Arduino and similar platforms are easy to find at local stores or online, and they are cheap. Pick one up, find a tutorial, and dive in. Have an idea for a project you’d like to try? Just try it, don’t worry if it seems complicated. Start with the simplest piece. These systems give you all the pieces you need to build network-connected objects.

Learn new skills

If you’ve never programmed before, pick up a JavaScript, Processing, or Ruby tutorial. If you’ve never designed a physical object, get some modeling clay and sculpting tools and try to make some interesting shapes. If you’ve never designed software before, try to map out a flow or design an interface; start with pencil and paper.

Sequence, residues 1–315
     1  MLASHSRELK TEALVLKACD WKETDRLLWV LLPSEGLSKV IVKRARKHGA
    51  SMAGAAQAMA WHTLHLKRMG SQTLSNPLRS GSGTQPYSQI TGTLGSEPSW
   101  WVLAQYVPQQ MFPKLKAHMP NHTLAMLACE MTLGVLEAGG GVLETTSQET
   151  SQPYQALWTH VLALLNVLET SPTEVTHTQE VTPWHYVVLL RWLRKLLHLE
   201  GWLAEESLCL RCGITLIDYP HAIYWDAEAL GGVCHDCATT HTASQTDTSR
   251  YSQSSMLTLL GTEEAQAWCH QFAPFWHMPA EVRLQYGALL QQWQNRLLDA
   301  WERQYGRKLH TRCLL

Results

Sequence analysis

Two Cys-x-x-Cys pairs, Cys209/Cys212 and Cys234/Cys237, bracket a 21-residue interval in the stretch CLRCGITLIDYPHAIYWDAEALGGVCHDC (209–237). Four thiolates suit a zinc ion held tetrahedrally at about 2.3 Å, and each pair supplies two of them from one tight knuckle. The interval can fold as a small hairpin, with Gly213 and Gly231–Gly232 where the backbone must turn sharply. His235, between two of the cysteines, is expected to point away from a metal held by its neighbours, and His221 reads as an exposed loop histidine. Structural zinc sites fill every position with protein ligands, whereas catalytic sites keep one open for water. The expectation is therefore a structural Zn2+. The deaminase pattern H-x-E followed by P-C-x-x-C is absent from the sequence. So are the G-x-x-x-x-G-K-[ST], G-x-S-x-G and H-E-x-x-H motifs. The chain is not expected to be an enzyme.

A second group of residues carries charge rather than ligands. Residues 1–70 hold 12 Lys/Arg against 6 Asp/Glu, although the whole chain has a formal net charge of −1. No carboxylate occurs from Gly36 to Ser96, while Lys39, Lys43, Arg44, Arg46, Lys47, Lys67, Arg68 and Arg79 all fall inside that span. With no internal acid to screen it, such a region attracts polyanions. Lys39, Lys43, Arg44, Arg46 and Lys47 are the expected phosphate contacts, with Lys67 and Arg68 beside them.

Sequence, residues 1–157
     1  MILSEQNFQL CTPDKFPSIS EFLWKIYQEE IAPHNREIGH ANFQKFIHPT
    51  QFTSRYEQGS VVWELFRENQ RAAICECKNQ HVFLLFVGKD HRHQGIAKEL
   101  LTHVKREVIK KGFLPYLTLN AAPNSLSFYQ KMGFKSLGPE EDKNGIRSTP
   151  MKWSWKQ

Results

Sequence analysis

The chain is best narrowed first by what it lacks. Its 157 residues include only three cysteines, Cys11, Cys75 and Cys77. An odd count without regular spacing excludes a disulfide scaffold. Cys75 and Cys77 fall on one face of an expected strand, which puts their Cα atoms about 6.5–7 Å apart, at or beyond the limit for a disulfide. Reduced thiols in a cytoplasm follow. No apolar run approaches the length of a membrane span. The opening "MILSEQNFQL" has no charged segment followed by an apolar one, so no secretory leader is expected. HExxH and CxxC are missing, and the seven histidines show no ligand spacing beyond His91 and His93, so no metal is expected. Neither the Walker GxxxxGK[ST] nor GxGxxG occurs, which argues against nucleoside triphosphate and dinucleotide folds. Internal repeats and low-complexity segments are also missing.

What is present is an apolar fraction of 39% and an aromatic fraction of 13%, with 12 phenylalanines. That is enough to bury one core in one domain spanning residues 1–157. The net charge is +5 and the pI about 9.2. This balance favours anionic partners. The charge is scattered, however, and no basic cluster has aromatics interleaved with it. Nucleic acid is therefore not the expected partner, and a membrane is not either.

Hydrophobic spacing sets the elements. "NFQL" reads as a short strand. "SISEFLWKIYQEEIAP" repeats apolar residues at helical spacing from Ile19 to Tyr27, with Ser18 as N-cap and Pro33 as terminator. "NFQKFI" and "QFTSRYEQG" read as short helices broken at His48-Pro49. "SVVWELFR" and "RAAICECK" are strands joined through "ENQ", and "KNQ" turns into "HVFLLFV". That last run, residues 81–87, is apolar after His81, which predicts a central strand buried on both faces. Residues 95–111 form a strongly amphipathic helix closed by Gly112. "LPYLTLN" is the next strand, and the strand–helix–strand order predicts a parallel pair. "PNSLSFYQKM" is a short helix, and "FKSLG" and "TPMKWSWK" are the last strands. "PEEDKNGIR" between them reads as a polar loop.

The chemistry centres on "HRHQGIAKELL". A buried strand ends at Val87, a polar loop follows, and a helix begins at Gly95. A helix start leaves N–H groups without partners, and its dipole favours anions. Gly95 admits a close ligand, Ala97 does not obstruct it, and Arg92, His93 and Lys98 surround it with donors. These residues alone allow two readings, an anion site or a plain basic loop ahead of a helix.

Be critical

When you’ve made your first new thing, take some time to think about its qualities using some of the frameworks discussed earlier in this chapter. Use what you learn from this reflection in your next experiments.

Always think about how your new device, software, or system fits into the larger connected world. What possibilities does it create? What potential does it remove? What does it give to people, and what does it take away?

You won’t be satisfied with your first attempt, but design is all about iteration. These types of new skills open many possibilities for your practice as a designer, allowing you to incorporate new technology, processes, and techniques into your work.

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